Monday, May 09, 2005

So That's What It Looks Like

It's official: Sallie Mae and I are through. Well, except for the $.22 that I overpaid. Consider that a tip, Sallie. Go buy yourself something real nice.

As great as it is to see the account statement above (I started accumulating that debt way back in 1989), things might be a bit uncomfortable for a while. I like to keep $2000-$2500 in my credit union savings account (1.5% APR) purely as cushion, and maybe only $200 or $300 in its linked checking account. (It's my bill-paying account.) The final $1277 of my student loan payoff came from the C.U. savings account. So where I'm most comfortable seeing a $2k cushion, I'll now be looking at roughly $600~$1k.

I could transfer some or all of that $1277 in from my ING savings (3% APR) to keep my "preferred cushion," I guess. But I think I'll just wait and see how it goes. Quicken and I keep pretty good tabs on my household spending. If the C.U. account balance gets treacherous relative to what's needed, I should know about it in advance, and have time to act.

We'll see. I've survived, and slept okay, on way less cushion before. And back then, I didn't have secondary savings at someplace like ING to fall back on.

Side Note: I think I read on someone else's blog today that, with the ultra-low rates in student-loan land, it is pointless to rush in paying them off. I'd agree with that, mostly, until you get to the part about debt being as much an emotional issue as it is a financial issue. That last student loan balance bugged me to no end. I hated looking at it in Quicken; I hated looking at it online; I hated getting all the stupid snail-mail ads from Sallie Mae about consolidating or doing this or that with my account. That debt was more than just debt. It was also very much a symbol of all the stupid crap I did in my earlier days.

Yeah, that money paid for tuition, books, and dorms and rent. But it also paid for CDs, JBL floor speakers, Sega video games, and an endless buffet of delivered pizzas and nights-out-with-the-guys and, for all I remember, my lone trip to Fort Lauderdale. My wife and friends could probably throw a few more items in there, but I think the point is made. Put borrowed money in the hands of financial toddlers, and within ten minutes it has vanished, and not even Dora the Explorer can get it back.

Sometimes, with symbols like that, you're just not interested in all the relevant points and counterpoints. No, you just want them gone. As of May 9, 2005, all my symbols are gone.

Goooooo me.

— Posted by Michael @ 11:57 PM



This is YOUR WIFE. :D I just stopped by to see if you updated about paying off the student loans. I had to laugh when I read about THE FLOOR SPEAKERS.

I still remember visiting you in your apartment, and you had those gigantic speakers in your room. You told me you got them with the money that was 'left over' from your student loan (your words, not mine!!). I about had a heart attack. I was raised to think of money in a different way than you, and my mind was screaming, "There IS NO money "left over" from a student loan -- you still have to pay it back!!"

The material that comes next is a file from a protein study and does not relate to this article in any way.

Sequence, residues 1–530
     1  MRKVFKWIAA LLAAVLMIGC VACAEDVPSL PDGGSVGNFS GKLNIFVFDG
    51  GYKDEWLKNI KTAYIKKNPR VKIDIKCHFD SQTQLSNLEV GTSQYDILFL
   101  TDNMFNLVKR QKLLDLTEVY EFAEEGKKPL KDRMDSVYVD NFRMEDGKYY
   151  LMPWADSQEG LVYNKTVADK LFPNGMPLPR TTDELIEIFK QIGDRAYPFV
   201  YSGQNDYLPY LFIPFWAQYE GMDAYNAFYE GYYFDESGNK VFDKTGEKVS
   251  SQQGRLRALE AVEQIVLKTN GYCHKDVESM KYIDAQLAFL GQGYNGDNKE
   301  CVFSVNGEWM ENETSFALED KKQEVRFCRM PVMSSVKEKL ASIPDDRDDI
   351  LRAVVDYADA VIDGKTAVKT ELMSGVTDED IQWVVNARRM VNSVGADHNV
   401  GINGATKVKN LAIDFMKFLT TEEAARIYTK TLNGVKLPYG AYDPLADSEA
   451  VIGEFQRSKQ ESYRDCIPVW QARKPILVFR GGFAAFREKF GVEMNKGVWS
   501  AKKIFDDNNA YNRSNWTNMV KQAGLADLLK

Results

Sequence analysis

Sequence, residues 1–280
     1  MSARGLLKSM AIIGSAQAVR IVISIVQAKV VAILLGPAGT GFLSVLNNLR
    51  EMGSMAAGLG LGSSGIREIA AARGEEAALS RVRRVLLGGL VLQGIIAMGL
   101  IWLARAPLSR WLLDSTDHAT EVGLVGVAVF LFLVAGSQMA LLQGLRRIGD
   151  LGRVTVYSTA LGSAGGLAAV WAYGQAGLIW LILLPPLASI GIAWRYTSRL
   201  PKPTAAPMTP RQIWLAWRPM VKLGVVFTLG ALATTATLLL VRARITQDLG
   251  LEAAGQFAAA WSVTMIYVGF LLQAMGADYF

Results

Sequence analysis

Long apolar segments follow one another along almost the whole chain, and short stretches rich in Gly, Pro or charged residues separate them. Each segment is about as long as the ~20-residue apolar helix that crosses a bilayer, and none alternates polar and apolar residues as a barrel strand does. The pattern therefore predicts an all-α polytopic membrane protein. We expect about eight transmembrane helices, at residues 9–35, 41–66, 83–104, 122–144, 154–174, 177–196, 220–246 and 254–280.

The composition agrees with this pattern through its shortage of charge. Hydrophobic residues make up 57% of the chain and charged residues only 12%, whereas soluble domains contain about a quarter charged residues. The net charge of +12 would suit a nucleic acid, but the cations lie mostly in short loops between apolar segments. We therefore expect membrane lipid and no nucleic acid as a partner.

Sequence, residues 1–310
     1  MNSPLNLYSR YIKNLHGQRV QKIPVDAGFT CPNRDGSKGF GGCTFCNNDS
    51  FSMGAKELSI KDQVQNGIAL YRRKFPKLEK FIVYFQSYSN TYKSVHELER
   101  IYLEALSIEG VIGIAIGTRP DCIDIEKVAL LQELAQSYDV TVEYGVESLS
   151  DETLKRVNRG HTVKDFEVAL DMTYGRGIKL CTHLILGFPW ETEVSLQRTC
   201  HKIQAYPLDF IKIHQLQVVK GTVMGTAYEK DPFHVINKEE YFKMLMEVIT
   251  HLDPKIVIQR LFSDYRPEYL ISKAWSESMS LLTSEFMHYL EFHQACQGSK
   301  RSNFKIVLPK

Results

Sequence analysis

At times I would look at those speakers, and know that you were still paying on them. I figure it must have taken twelve or more years. That's a long time to pay for some speakers.

But I'm proud of you. My parents are proud of you, too. And at least the speakers still sound good, right? (now I hope they don't blow out sometime in the next week or so . . . )


P.S. I hope I don't embarrass you by posting . . . that is not my intention at all!!



This is YOUR MOTHER. :D Congrats on being debt-free! I'm sure you must feel really good about it right are one of the first bloggers to accomplish such a large goal (there was some lady a while back who paid of her $20,000 CC debt by asking for donations).

To Michaels Wife,
You know he has some extra cash laying around now...please send it to me.

Thank you,



I realize there is a typo in my last comment.



When I paid off my student loan in May 2002, I still had nearly $10,000 in credit card debt. Despite my success, it got me thinking about how I basically traded fairly good debt for very bad debt. It got me mad and it got me going. Three years later, I now have no revolving credit card debt.

Think of it as the last lesson of your college years.

Anonymous Anonymous
, at 12:26 AM, May 12, 2005  

I just did the same thing (I overpaid $0.38) and I understand your sentiments exactly! Everytime I opened my Quicken and saw that balance I got mad.

My part-time job provided me with and extra $2500 and I had to choose between SallieMae, CITIbank or Savings. Like Dave Ramsey says, "Personal Finance is more Pesonal than Finance."

Anonymous Anonymous
, at 8:10 AM, May 12, 2005  

Congrats Michael!

I'm glad you see you post about the emotional/psychological parts of this kind of debt. When I made my decision to borrow to make my 2004 Roth contribution I was just about to be debt free (aside from mortgage) and even though I think it was the right choice for me, it drove me NUTS to have that "new" debt hanging over my head for three months (after living with several thousand dollars of debt for *years* LOL)

I will not do that again, that's for sure...the taste of freedom is too SWEET!

** Comments Closed on this Post **

Thoughts on my personal finances, goals, experiences, motivations, and accomplishments (or lack thereof).

My financial life began turning around when I took responsibility for it.
— Dave Ramsey


Start (2005-12): ~$21,900
Currently: $0
[About Our Debt Paydown]


Savings Goal: $15,000
Currently: ~$15,115
[About Our Liquid Savings Goal]